Thursday, 23 June 2011

Filling Gaps

I've been having what is technically called a 'splurge' recently - spending a considerable amount of my income on music, plugging gaps in my collection, but also finding some new music to listen to as well.

The gaps have come in the work of three bands in particular. The first was Yes, whose early work I have loved for years, but whom I kind of lost touch with during the uncertain days of the 1990s with the numerous line-up changes and internecine strife. I'd heard some bad reports of their work during that decade, so hadn't bothered to explore it until now. I have to say that, while not completely bowled over by the material it's not that bad, and I am particularly warming to 'Magnification', while eagerly anticipating the release on July 1st of the new album 'Fly From Here', their first collection of new material for 10 years.

Secondly there's Marillion. I was a big fan of them in their early years, but had not heard any of their material recorded with Steve Hogarth on vocals in place of Fish. He (Fish) gave the band its distinct feel (despite sounding at times like a Peter Gabriel clone), and I was again a little reluctant to see how the band had changed/ developed in his absence. Listening to their output since Hogarth stepped in has revealed a new sound for the band - it has amazed me how different they sound simply by changing singer. The 'new' Marillion at times lacks the fire that Fish's occasionally snarling vocals brought, but a gentler sound is not always a bad thing, and again their later work is growing on me.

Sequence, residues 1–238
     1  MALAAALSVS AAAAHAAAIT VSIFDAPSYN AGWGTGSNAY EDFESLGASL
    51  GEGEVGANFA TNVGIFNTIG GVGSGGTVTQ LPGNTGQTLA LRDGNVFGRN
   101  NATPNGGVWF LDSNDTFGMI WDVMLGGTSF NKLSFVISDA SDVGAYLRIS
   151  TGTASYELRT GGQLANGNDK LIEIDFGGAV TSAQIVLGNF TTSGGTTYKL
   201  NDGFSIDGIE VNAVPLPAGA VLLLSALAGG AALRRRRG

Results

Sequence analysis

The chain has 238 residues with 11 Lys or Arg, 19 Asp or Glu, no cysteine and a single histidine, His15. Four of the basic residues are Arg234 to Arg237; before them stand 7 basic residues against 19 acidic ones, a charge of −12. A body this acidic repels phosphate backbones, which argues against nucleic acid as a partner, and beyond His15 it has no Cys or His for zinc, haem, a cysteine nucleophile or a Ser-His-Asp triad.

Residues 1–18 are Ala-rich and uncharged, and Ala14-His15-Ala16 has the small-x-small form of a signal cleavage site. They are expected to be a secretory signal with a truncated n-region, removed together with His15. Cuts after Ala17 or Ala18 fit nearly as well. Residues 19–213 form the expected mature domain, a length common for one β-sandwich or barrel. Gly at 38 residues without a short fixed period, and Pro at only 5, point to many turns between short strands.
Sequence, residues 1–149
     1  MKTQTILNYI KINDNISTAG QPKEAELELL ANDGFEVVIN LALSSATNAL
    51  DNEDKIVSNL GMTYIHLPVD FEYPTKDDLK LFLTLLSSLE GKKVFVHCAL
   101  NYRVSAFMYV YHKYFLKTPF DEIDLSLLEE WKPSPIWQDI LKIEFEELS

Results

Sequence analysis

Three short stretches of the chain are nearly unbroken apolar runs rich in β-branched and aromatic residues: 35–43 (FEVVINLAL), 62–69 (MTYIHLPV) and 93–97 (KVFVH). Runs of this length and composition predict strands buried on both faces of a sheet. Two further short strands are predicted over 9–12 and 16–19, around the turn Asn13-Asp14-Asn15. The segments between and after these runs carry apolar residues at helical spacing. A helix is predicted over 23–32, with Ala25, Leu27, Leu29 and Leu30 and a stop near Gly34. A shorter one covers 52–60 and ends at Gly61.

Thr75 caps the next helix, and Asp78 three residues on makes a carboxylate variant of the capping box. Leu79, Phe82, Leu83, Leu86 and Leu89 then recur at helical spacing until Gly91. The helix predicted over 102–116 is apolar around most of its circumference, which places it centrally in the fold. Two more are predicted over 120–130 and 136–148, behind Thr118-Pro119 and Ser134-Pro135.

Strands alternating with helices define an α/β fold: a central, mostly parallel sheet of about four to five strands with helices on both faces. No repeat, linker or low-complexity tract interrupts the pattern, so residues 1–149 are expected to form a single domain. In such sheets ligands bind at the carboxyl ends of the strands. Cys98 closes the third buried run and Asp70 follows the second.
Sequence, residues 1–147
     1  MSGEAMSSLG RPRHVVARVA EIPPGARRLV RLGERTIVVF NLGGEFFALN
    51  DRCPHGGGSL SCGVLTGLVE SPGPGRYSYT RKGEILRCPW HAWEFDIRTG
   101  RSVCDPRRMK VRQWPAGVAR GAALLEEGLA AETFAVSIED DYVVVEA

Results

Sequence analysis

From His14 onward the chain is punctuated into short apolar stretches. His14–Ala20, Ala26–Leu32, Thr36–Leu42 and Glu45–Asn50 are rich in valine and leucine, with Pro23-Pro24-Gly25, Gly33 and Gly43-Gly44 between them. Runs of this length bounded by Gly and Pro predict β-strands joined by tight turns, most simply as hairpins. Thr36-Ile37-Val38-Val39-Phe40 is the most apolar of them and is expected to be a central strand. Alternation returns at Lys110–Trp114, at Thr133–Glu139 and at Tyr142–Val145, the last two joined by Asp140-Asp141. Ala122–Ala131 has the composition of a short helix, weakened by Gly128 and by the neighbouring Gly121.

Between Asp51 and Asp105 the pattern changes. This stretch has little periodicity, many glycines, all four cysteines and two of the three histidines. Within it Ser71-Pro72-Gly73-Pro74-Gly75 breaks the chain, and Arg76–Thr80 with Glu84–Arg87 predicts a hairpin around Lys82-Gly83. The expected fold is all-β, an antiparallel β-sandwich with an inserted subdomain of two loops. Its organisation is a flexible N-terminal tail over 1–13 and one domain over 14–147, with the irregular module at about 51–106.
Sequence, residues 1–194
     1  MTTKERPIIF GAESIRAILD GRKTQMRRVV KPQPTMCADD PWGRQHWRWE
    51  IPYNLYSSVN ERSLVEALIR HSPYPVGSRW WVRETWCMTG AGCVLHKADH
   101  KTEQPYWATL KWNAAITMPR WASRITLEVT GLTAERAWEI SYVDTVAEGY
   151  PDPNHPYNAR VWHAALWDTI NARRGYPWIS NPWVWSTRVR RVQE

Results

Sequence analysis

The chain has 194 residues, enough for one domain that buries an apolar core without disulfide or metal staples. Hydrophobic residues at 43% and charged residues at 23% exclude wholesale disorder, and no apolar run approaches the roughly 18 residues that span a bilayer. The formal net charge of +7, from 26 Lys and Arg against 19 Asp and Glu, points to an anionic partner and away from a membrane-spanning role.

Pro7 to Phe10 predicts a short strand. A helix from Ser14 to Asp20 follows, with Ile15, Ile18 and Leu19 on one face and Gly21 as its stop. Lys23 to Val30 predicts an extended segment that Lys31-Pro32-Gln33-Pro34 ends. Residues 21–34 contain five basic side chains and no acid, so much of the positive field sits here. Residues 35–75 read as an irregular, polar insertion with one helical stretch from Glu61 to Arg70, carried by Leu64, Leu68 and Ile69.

Thirdly there's Iron Maiden. I first saw Iron Maiden at the Reading Festival in 1980, shortly after the release of their first album. Their best years probably came after they were joined by Bruce Dickinson on vocals - from their 3rd album onwards. I found that, like Yes, their music from the 90s was largely missing, so I plugged the gap. I have to confess to being more than a little disappointed with the two albums on which Blaze Bailey sings: they just seem to lack that certain spark that Dickinson brings to the band, and I was grateful that he was only away for a relatively short time. Musically it does exactly what it says on the tin - it's Maiden, it's metal and , on the whole, it rocks!

The new music has come from Seasick Steve, who continues to produce good, no-nonsense blues, now ably assisted by (among others) John Paul Jones, late of Led Zeppelin, and that influence at times is quite evident; from Bon Iver, whose debut offering was greeted with much acclaim and whose eponymous second album offers a similar style, though one that is more reliant on keyboards than the guitar-driven sound of his first recording; and from Black Country Communion, a blues-rock super group driven by the guitar talents of Joe Bonamassa, along with Glenn Hughes, Derek Sherinian and Jason Bonham, who once again have produced a collection of hard rocking songs that should delight rock fans everywhere.

But I'm also enjoying very much the latest release from The Echelon Effect, a short collection of tunes, combining quiet ambient sounds with driving post-rock, from an eventual four-part suite, 'Seasons', which you can find and download here. I never cease to be amazed at the amount of talented musicians there are out there, waiting to be discovered (and the amount of garbage that so often gets played on national radio at their expense). Listen, and tell your friends if you like it, and if you've got time check out this guy too. (Slightly biased but proud dad)

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